afid Hamid, who makes his living selling tea on the pavements of Baghdad, helped topple former Iraqi president Saddam Hussein last month. Seeing his neighbors struggle to climb on to Saddam's statue in Paradise Square, he fetched a ladder from his lock-up, allowing his friends to clamber up.
The destruction of the statue, relayed around the world by crews encamped in the Palestine Hotel opposite, provided the most symbolically important moment of the war and sent a signal to the Iraqi people that Saddam had lost power.
Hamid, 24, remains euphoric. He hauls the ladder out together with a T-shirt he was wearing that day. It bears the letters USA, his own private welcome to the US tanks.
"I hated Saddam. Two of my uncles were imprisoned by him in 1979 and I have not seen them since," he said.
But the euphoria has long been lost on others in the crowd that day and throughout Iraq. The US-led reconstruction of Iraq is foundering. Washington prepared thoroughly for war but not for its aftermath. US President George W. Bush's appointment of former Lieutenant-General Jay Garner to run Iraq has proved disastrous and he has been replaced.
The rigid police state of Saddam has given way to lawlessness on a grand scale, stretching the length of the country.
Looting persists and criminal gangs make travel risky. In Paradise Square, street traders sell Kalashnikovs for US$75 within feet of one of the few police cars on duty in the capital.
While US soldiers tally the number of illegal weapons they manage to confiscate each night on patrol, hundreds more are being sold to Baghdad residents desperate for weapons to protect their homes.
Crime tops the list of Iraqi complaints, but they also grumble about a severe electricity shortage that leaves most of Baghdad in total darkness night after night. Beginning to run out of money, they worry too about when -- or if -- they will get their old jobs back.
The pedestal on which the Saddam statue stood now has a message to the US in red letters: "All Done, Go Home." Many Iraqis are happy for America to stay on while lawlessness is rampant, but not for too long. The danger for the US is that the various Iraqi grievances will congeal into resentment directed at the American forces.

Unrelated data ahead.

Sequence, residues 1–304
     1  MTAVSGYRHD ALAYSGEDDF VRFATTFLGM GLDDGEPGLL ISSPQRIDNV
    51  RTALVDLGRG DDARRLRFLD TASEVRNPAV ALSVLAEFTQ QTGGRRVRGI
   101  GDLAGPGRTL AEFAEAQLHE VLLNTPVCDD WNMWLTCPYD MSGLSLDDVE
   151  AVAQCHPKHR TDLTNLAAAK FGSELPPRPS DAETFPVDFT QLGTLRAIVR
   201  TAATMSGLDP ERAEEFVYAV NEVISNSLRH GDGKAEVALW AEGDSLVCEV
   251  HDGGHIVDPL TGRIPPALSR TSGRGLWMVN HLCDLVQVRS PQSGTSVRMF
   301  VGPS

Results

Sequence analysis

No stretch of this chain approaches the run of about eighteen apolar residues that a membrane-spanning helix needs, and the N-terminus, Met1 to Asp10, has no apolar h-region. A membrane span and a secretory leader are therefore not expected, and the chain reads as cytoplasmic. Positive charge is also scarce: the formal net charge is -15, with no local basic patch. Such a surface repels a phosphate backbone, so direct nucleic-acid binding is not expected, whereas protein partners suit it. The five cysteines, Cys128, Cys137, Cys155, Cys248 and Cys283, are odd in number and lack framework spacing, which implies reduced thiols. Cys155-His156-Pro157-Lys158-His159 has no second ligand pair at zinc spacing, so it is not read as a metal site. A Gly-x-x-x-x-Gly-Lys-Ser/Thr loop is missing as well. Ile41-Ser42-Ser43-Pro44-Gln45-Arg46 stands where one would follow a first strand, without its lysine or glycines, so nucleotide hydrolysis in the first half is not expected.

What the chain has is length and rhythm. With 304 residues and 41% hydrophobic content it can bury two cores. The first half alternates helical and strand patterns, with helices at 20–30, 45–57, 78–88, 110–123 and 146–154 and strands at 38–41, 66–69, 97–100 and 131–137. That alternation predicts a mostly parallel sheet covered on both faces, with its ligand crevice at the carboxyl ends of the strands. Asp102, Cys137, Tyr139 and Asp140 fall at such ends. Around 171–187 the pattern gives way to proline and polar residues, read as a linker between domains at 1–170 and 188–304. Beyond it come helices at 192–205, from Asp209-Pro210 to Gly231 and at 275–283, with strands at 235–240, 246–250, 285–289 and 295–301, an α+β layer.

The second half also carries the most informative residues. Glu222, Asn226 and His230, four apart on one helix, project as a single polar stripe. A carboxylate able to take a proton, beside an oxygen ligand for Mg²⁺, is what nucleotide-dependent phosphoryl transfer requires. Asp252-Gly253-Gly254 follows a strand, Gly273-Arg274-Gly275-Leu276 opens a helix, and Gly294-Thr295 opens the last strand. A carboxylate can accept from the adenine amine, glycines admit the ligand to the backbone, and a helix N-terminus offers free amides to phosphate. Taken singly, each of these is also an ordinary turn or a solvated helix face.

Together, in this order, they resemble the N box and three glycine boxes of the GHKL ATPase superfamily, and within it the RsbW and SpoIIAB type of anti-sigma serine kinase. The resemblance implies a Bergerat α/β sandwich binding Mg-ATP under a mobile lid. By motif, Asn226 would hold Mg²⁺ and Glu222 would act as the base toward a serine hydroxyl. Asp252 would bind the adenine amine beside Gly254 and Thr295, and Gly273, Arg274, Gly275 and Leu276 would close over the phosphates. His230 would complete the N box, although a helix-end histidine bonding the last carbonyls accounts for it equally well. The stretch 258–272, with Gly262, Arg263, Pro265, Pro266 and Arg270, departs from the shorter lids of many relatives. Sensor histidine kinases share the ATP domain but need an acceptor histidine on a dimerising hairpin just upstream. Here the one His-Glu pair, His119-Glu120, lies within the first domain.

There are frequent warning signs for the Americans of what might lie ahead. Almost every day, US forces trade fire with Iraqis throughout the country. In Baghdad last week, a US soldier was killed in a bold daylight attack on one of the bridges over the Tigris. An Iraqi walked up to him with a pistol and opened fire.
The previous day, two Iraqis fired at a reconnaissance patrol of the 3rd Infantry Division with small arms and rocket-propelled grenades north of Baghdad. An Iraqi was killed. On the same day, near the northern town of Baiji, a convoy from the 4th Infantry Division came under fire from Iraqis with rifles and machine guns.
It is very different from the welcome the US soldiers received in Paradise Square a month ago.
Adnam Mohammed Sayeed, a former Iraqi Airlines pilot, whose schoolboy son was the first into Paradise Square that day to hammer at the base of the statue, said "We can't wait two months, or one month, or even next week for the US to sort things out. The weather is getting hotter. We can't go on living like this."
Sayeed translated for the crowd that day, asking the US for a rope and the horsepower to drag the statue down. He now regrets his and his son's participation and described the event as "unpleasant."